Unity - the Number One
Created | Updated Apr 22, 2012
Wherefrom thou understandest that 1 is no number, but it is a generatrix, beginning and foundation for all other numbers.
– Jacob Kobel, German mathematician, in 1537.
There's a fundamental paradox with the number one - is it a number? When we count, it's the first number we register, yet we reserve the description 'number' for items in plural, whereas one is singular. If I said I was going to give you a number of sweets, then you might be disappointed if I gave you only one.
The Ancient Greeks would have agreed with you - they saw one as the indivisible unit or monad from which all other numbers were created, and they got quite deeply philosophical about it. Euclid said that numbers were composed from units, so therefore the unit itself could not be a number. If you consider, say, six apples, then an apple, or one apple is the unit in which you are counting, and we recognise this in the alternative term for one: unity.
Mathematics for One
One is indeed a number in the modern mathematical sense. It's the first of the natural or counting numbers, and when we count these, we form the sequence by adding one each time.
It also has some other interesting, if trivial, mathematical properties. You can multiply any number by one, divide it by one, or raise it to the power of one, and the number is unchanged - the only number for which this is the case. One is a factor of all other integers (whole numbers) - they can all be exactly divided by one. As multiplication by one leaves a number unchanged, we don't bother to use it as a multiplier (or coefficient) in algebra - we say 2x or 3x, but not 1x: we'd just write x.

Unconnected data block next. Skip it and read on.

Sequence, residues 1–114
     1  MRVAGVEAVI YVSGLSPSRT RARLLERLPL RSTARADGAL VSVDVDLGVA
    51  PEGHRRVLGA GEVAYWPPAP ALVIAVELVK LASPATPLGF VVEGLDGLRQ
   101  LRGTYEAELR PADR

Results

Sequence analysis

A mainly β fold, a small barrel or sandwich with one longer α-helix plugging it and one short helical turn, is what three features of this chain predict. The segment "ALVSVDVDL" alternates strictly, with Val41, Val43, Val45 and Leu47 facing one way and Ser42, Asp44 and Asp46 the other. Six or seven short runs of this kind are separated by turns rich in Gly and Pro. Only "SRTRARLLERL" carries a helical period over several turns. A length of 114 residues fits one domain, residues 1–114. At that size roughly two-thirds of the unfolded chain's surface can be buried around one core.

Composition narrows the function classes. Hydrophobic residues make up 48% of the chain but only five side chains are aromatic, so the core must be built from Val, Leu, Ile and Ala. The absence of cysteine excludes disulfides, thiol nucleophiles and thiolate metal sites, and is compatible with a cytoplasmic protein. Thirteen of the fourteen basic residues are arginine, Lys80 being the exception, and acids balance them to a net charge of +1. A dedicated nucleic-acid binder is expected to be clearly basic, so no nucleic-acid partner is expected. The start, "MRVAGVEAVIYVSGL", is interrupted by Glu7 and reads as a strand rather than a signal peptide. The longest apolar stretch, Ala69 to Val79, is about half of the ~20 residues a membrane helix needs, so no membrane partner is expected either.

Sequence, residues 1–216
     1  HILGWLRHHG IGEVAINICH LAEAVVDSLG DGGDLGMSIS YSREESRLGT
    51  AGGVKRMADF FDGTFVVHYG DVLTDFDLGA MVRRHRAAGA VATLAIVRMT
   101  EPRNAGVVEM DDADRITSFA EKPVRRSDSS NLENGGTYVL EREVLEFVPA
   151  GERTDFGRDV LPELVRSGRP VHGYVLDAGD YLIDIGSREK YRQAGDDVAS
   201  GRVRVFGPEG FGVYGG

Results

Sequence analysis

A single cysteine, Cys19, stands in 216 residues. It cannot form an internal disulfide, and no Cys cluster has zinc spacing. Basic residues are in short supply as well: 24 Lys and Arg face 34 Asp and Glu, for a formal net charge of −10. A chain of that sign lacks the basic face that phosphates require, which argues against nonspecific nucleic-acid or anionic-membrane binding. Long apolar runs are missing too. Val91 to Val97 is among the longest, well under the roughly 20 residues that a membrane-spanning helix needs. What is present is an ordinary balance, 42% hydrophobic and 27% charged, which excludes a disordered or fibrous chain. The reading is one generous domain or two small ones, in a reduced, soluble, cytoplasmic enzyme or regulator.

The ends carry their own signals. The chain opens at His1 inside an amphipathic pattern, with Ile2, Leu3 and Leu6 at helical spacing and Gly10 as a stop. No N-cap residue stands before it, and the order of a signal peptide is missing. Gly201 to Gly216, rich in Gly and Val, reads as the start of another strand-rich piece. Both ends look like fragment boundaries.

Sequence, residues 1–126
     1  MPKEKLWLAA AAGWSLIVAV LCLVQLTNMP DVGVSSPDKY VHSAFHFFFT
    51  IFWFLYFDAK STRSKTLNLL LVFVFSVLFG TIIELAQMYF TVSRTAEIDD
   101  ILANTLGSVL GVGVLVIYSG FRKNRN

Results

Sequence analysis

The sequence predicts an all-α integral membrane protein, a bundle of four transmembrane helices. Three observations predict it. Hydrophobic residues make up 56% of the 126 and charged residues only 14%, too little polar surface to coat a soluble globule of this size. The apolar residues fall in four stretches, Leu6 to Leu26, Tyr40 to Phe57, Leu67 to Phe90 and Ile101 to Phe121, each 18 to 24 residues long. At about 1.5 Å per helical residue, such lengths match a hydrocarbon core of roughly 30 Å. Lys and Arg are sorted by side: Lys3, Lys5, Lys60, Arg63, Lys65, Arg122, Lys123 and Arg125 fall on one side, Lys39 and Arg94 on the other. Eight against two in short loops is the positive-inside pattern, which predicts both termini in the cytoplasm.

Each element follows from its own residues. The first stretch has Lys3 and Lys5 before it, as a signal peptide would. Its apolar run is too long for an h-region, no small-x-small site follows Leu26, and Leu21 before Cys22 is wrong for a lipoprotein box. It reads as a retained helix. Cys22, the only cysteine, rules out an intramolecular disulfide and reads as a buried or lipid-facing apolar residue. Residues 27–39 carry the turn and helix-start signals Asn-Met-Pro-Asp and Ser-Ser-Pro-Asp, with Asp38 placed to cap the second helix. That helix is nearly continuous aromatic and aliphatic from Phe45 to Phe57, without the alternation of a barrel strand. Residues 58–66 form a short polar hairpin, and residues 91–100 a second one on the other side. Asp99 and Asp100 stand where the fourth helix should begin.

It's the only non-zero number for which addition is a more powerful operation than multiplication. Adding one yields a greater number than multiplying by one.
It's the first odd number, but here again, the Greeks were so much in awe of its fundamental properties, that they felt unable to categorise it, saying it was both odd and even.
When you take the logarithm of one, you get zero, and this is true for logarithms in any base. This unusual property derives from the fact that any number raised to the power of zero is one.
When we talk about fractions, we mean fractions with respect to one. We say ½ is 'one half', but half of what? Of one, of course. In this sense it's the most fundamental number we have.
Finally, it's not only the first natural number, but one is the first square number, the first cubic number, the first triangular number, the first Fibonacci number, in fact it's the first number which we count in many different number systems and series which we have created.
There has been debate over whether one is a prime number. Many of us learned at school that a prime number is an integer which is exactly divisible by only itself and one. Six is divisible by two and three as well, so it's not a prime number. Seven is divisible by only seven and one, so it is prime. But then one would also be a prime number by this definition.